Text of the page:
When Susan Moore noticed her husband Toby constantly getting injured during physical training in the Army, she wanted to help.
“He loves exercise but was always getting injured,” Moore said. “The guys that were the best during PT were always getting injured. There are more days lost from injuries in PT than from illness and combat.”
Toby Moore had four knee surgeries, two shoulder surgeries, elbow surgery and pinky reconstruction surgery.
“I got tired of putting him back together,” Moore said.
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So Moore earned her personal training certificate and began to teach various courses. Currently, she teaches TRX to military members and civilians. TRX is a suspension training program that offers a total-body workout with various exercises and movements.
After living in Lacey while Toby was stationed at Joint Base Lewis-McChord, the couple made the move to Gig Harbor a few years ago.
Now, Moore has taken the lessons she’s learned training her husband and other service members and is applying it to civilian courses. Moore recently opened Better gym at 5125 Olympic Drive NW, in the space of recently opened Pro Sport + Spine.
“If it’s good for the military, it’s good for just about anybody,” Moore said. “It’s portable, durable and works the body on all planes of motion.”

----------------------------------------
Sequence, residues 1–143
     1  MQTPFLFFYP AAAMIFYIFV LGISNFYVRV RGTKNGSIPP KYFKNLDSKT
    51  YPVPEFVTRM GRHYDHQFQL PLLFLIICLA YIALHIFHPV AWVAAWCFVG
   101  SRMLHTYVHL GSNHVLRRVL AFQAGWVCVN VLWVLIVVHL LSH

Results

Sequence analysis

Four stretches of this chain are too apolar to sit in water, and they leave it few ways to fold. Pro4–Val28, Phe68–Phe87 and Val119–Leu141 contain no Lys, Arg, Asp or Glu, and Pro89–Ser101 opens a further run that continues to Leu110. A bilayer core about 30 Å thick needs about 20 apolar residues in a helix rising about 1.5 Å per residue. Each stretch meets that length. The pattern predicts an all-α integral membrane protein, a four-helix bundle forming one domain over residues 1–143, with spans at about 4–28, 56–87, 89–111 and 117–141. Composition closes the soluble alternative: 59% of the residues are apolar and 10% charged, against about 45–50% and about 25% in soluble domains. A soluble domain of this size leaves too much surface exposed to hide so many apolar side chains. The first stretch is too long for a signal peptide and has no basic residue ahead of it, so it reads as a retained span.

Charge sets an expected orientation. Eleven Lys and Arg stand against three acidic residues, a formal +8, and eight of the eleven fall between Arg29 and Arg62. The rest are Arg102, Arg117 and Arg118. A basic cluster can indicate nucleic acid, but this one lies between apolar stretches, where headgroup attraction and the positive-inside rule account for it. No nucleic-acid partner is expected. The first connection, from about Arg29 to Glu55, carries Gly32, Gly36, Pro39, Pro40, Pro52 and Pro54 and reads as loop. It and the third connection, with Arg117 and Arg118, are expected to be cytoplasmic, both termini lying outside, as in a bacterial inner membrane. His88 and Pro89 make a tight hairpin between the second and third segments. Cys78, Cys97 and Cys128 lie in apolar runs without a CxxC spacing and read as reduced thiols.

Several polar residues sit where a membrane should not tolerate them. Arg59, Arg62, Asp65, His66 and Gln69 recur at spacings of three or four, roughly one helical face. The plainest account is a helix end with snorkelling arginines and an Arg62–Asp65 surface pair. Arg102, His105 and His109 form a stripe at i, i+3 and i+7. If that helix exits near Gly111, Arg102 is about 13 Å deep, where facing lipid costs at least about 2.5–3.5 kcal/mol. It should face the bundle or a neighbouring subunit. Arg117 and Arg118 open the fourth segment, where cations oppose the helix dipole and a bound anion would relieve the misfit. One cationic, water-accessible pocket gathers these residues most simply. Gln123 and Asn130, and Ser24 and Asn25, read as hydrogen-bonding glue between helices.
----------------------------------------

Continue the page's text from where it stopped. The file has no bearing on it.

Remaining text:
Moore focuses on teaching movements to improve her clients’ well-being.
“I want them to get the strength, flexibility and mobility — everything you need for optimal quality of life,” Moore said. “Most people think they’re stuck where they are. I like to un-stick them. We all have pre-conceived limitations. People assume they’re broken.”
Moore said most exercise classes are simply motivation and choreography classes.
“If you have poor movements, (typical classes) are probably going to compound your issues,” Moore said. “I do small group training, I think everybody should lift; I’m big into strength. Everybody in the room is practicing on the skills they need to work on. My mission statement is training to move well, increase strength, sharpen focus and gain mental toughness that is essential for optimal quality of life.”
Moore’s classes are about skill training, from Russian Kettlebell exercises to proper breathing techniques.
“I’m a big builder about building strength, not testing it,” she said. “So many people are intimidated by the thought of going to the gym. I’m assessing you on how I can effectively aid you. There are so many things to work on with people.”
Moore teaches 12-week programs as well as daily classes at 7, 9 and 11 a.m., as well as beginner Kettleball courses during the evening. Moore said the community has been welcoming so far.
“It’s very patriotic here and feels like a tight-knit and welcoming community,” she said. “I have some fantastic clients.”